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New Orleans files ordinance preventing usage of public funds for prosecuting abortions

The ordinance prevents law enforcement and city departments from using public funds to pursue investigation or prosecution of abortions.

NEW ORLEANS — The question of “can I be criminalized for seeking an abortion,” is one on many women’s mind now, following the overturning of Roe v. Wade.

Tuesday, the City of New Orleans filed an ordinance prohibiting City departments and law enforcement from using public funds to pursue abortion criminalization. That involves any investigation or prosecutions, also stating that enforcement will be the "lowest priority for the City."

In a press release sent out Tuesday, New Orleans City Council President Helena Moreno said in part, “This Council will continue to take any and all actions to protect human rights and support our doctors working tirelessly in our community.”

The overturning of Roe v. Wade is sparking conversation on whether people’s search history could be used to punish them for looking up information or how to access abortion services. That personal search history includes your internet searches, location history, call and text logs, emails and financial records, and period tracking apps.

Law expert at Louisiana State University, Professor Lisa Avalos says there’s no state law that criminalizes abortion seekers, but there is one that criminalizes providers. 

“If anybody is searching for any kind of information related to abortion or abortion providers, that’s really not a problem, people have the right to do that," says Avalos. “I’m not aware of any state right now that criminalizes a woman that seeks an abortion that’s not something that is down in the united states at all."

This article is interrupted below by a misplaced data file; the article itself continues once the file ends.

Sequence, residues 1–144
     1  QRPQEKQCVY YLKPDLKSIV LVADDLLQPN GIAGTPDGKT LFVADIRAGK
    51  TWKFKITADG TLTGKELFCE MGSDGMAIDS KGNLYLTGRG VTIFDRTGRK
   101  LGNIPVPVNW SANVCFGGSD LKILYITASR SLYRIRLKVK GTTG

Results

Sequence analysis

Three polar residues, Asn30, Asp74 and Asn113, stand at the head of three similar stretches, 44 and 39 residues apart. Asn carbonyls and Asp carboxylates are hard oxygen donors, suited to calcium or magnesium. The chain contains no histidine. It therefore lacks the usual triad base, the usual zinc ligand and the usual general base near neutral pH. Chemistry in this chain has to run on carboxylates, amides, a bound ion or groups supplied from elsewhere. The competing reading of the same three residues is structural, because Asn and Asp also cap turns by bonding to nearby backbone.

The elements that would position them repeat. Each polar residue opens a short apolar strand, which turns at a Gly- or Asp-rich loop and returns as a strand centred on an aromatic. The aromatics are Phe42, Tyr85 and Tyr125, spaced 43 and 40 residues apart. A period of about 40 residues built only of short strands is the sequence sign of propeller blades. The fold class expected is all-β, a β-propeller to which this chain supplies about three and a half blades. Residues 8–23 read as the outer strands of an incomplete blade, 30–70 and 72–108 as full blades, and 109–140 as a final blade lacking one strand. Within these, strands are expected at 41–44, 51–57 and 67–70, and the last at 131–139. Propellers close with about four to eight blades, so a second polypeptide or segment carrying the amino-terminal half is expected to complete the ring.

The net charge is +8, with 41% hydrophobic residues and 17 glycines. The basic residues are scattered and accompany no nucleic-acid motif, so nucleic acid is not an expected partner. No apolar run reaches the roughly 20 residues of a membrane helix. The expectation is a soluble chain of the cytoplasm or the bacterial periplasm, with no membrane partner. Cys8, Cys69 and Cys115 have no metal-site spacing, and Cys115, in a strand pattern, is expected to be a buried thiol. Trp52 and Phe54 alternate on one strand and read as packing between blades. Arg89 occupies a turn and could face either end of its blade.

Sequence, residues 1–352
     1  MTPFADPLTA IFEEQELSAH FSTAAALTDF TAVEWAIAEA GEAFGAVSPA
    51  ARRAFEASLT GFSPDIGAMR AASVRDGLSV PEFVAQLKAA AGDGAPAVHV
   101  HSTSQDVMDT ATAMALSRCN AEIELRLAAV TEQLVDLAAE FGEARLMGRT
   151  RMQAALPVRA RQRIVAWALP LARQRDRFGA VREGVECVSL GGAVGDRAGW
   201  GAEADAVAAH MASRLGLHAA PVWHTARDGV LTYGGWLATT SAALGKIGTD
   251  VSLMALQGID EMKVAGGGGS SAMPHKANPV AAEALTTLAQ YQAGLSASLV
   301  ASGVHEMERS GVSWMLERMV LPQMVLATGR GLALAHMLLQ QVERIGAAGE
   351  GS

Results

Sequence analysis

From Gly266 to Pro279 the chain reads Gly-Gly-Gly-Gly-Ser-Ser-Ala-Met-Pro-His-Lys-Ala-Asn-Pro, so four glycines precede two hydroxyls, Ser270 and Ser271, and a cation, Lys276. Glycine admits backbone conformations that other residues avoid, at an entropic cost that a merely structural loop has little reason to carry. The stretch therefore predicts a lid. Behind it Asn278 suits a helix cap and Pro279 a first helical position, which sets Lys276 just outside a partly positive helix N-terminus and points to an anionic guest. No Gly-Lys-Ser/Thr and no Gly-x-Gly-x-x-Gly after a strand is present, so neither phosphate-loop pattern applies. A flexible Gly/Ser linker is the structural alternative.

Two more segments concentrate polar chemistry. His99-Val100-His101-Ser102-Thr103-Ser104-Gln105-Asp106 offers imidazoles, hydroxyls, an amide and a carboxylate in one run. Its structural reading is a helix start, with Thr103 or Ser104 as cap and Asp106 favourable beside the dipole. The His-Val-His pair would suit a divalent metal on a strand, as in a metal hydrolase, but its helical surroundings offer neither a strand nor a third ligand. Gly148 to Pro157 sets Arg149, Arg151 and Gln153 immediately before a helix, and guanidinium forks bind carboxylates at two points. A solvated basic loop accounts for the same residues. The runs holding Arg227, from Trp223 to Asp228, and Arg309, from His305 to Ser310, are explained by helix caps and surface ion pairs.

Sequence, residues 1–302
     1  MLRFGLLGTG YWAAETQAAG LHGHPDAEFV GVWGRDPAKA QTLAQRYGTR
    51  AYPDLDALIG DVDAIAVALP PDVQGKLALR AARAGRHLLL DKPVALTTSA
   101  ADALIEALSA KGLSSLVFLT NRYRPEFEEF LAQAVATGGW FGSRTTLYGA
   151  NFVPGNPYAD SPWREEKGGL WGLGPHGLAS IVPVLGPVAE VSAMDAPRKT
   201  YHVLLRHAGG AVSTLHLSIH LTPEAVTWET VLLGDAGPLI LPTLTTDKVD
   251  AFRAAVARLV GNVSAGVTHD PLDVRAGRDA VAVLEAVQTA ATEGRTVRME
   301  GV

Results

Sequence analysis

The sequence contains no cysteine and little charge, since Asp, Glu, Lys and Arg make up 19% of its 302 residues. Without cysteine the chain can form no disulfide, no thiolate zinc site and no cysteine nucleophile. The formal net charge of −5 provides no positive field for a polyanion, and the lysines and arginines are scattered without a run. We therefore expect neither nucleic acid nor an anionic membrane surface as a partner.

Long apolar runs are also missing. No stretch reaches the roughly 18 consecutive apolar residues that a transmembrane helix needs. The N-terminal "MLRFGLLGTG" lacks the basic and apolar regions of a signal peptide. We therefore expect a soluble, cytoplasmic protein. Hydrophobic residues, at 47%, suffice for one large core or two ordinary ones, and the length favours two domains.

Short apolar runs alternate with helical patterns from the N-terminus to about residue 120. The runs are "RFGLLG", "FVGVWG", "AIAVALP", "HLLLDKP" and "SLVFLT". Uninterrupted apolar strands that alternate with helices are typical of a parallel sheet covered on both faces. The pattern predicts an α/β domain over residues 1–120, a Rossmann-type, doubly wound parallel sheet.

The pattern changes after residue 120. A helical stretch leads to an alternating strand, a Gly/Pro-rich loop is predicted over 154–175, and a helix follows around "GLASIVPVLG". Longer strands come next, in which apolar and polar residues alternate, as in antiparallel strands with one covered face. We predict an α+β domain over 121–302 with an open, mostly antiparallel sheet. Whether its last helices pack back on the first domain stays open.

Loyola University law expert, Professor Judson Mitchell agrees, saying for a prosecutor to get their hands on your search history, they’d have to get permission first. Mitchell saying everyone is protected, “Completely covered by the fourth amendment, so now law enforcement knows, if they want to look at your phone, they have to get a search warrant.”

“The police don’t have the ability just to go find out what the people are thinking and searching about, that’s not a thing, it has to be in connection with a prosecution, a valid prosecution.”

In a statement, State Senator Sharon Hewitt said, “It has always been our position to not prosecute the moms . We are working to hold the abortion providers liable."

RELATED: No, the Supreme Court’s decision to overturn Roe v. Wade does not ban birth control

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